1935 - 2009

Porcelanas Bidasoa in Gordailua

Gordailua, the Gipuzkoa Heritage Collection Centre

An emblematic company and international benchmark due to the quality of its porcelain and innovation of its designs.

Our collection: 6748 pieces
Porcelanas Bidasoa is one of the most valuable collections of the Provincial Council of Gipuzkoa, due to the quantity, quality and variety of the pieces that make it up and it is the result of a long process.

The first pieces were received in lieu of payment of a tax debt from the company Lusitana Española de Porcelanas in 1994. This was an important batch of artistic pieces, accompanied by an industrially produced batch, which was expanded in 1994.

In 2011, faced with the imminent demolition of the factory, we gathered together the material of interest: pieces, moulds, tools, documentation, machinery, etc. This collection was also put together with purchases and donations.

The evolution of the company marked the development of its production, which can be split into five periods. All of these had a specific logo, which, with some variables, makes their pieces unmistakable. The company was internationally recognised throughout its life, as evidenced by the number and prestige of its customers, as well as the acknowledgements and awards it received.

Porcelain for tableware or ornamental objects bears the signature of many artists who collaborated with the company.

Machinery and workshops
Some of the machinery and work tools (figures in plaster, moulds, etc.) have also been preserved. The picture shows miscellaneous machinery: workbench, plaster beater, glaze mill, kiln.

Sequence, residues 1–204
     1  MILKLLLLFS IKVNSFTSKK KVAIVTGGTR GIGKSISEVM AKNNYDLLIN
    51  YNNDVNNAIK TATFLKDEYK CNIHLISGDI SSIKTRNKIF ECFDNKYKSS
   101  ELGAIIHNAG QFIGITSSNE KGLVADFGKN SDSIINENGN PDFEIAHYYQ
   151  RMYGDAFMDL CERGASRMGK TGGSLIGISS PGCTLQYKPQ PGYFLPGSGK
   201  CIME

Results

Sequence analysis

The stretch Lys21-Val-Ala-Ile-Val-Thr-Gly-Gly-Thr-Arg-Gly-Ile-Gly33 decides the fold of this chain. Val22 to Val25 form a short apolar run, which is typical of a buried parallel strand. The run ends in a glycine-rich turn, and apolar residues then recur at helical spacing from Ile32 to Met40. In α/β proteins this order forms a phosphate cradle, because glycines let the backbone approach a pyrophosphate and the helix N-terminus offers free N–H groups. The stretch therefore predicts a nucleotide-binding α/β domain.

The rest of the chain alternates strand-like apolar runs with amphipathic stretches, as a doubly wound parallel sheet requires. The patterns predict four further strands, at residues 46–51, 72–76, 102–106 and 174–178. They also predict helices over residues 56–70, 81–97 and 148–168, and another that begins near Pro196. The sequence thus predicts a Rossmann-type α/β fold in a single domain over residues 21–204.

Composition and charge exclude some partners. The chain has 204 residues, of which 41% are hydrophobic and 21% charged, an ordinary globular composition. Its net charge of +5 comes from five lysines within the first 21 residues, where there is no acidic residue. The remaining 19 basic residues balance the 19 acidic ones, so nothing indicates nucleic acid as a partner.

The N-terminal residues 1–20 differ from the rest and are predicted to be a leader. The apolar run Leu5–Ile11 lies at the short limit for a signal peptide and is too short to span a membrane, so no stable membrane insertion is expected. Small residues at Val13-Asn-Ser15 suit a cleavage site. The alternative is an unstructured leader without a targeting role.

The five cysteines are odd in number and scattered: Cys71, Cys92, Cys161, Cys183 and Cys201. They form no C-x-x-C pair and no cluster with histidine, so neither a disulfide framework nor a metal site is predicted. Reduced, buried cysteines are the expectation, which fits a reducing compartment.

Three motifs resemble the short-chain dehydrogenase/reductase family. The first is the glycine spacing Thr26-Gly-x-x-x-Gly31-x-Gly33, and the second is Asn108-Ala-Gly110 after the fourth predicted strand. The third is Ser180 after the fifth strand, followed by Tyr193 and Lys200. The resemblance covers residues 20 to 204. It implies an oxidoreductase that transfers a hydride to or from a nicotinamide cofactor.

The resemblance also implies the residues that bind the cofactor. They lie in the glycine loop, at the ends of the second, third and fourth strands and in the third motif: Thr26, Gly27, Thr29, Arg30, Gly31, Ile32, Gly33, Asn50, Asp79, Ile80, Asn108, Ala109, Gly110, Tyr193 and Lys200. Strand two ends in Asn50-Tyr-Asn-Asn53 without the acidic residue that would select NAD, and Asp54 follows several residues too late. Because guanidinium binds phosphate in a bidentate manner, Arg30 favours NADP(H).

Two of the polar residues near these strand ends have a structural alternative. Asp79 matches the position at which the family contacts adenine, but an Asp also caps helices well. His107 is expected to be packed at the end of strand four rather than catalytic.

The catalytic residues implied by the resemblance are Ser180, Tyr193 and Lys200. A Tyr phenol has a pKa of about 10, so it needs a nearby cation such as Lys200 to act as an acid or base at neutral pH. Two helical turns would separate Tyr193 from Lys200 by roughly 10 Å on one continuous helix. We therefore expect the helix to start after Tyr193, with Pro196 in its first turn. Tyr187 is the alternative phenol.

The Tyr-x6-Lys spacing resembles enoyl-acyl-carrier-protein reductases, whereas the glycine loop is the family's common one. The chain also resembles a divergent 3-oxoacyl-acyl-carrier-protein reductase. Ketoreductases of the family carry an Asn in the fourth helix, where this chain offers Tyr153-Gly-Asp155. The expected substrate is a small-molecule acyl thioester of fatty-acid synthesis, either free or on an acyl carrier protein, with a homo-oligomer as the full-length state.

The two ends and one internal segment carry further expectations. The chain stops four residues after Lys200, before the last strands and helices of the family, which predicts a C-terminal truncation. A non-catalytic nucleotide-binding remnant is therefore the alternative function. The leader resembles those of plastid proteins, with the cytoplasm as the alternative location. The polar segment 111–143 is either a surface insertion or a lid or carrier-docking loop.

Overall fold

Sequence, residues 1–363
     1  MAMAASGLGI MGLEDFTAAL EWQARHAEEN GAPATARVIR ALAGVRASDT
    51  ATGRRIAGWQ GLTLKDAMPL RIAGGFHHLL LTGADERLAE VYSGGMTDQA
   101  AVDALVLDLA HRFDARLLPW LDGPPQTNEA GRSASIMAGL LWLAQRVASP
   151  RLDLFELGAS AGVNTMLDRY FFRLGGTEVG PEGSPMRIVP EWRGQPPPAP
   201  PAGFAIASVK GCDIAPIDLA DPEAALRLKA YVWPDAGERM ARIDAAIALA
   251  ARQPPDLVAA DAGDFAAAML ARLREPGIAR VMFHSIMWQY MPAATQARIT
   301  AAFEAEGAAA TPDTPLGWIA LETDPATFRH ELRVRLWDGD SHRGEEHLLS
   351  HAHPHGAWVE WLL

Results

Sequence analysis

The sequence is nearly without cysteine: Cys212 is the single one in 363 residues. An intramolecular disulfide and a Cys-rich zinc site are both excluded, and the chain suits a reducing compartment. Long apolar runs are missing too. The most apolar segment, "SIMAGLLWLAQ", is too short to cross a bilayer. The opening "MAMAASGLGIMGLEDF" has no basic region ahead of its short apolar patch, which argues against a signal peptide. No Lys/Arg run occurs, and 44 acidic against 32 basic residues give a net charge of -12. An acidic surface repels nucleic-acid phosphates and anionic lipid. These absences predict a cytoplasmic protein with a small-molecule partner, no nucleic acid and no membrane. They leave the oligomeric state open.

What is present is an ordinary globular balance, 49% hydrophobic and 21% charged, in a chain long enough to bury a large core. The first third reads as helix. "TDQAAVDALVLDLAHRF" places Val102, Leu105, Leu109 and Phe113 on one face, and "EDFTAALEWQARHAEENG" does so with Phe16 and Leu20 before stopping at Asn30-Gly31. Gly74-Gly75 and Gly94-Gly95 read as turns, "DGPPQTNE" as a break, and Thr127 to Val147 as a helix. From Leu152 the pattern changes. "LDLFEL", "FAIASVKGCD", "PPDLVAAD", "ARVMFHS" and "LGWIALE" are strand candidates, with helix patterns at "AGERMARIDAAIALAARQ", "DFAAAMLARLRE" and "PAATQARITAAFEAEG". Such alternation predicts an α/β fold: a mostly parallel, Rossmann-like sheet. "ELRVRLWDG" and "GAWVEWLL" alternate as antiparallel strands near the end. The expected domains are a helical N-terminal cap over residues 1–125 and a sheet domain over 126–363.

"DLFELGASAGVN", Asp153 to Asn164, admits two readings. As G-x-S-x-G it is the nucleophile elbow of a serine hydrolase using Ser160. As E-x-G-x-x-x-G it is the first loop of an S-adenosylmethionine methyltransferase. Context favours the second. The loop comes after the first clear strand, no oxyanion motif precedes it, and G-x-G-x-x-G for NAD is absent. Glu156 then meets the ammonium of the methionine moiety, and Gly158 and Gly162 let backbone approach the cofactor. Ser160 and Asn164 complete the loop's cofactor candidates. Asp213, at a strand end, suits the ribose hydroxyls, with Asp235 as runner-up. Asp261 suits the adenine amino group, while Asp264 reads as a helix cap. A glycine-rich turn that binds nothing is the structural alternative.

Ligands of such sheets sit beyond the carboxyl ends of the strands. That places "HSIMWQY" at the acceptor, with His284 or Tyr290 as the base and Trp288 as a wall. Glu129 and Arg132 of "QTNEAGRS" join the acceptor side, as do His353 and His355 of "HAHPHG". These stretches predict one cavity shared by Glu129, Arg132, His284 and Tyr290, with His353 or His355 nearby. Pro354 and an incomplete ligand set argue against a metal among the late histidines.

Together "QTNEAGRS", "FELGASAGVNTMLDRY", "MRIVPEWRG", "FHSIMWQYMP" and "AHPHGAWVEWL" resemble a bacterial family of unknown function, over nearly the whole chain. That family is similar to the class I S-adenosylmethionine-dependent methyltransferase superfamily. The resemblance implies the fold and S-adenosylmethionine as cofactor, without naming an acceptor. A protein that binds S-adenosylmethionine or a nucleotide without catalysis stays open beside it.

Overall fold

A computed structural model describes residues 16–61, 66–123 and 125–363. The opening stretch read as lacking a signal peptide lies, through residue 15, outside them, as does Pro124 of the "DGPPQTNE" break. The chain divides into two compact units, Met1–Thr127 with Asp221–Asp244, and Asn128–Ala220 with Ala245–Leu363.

Porcelanas Bidasoa had a wide variety of machines used to perform the different operations involved in making porcelain.

The picture shows a bench with seven work stations from the moulding section of the factory. It was used for turning the moulds or pieces in plaster or clay.

The machine on the right repeated the process once the required adjustments had been set. This system was used until the development of isostatic (hydraulic) presses.

Hand-operated machine for making prototypes of new cups and sauce boats. To the right, a kiln used in the artistic section (hand-painted pieces).

The laboratory was one of the most important facilities in the porcelain-making process. Here tests were carried out on the components of the porcelain to determine strength and texture. Different blends of materials were made from the clay.

They also performed the colour tests shown here (plates of underglazed colour samples).

Tableware and ornamental pieces
From its origins,"Porcelanas Bidasoa" had two production lines: the utilitarian (tableware, which had a good outlet thanks mainly to the hotel and catering industry) and the artistic or ornamental.

During the second period at the factory (1948-1954) Porcelanas Bidasoa began to develop high-quality pieces, which took their inspiration from models designed by defunct European royal manufacturers, such as the Neapolitan Capodimonte and the Spanish firms Buen Retiro (1760-1808) and Moncloa (1817-1850).

The decoration is inglaze, with gilt 'fillet' edging separating the different sections of the pieces and bands in pink, gold (incorporating plant motifs) and purple.

One of the distinctive features of Porcelanas Bidasoa was its depiction of naval and maritime scenes. The marinas, painted in cobalt blue, date from 1953.

This vase was designed by Manuel Benedito, the factory's artistic director, and painted by hand by José Guinart.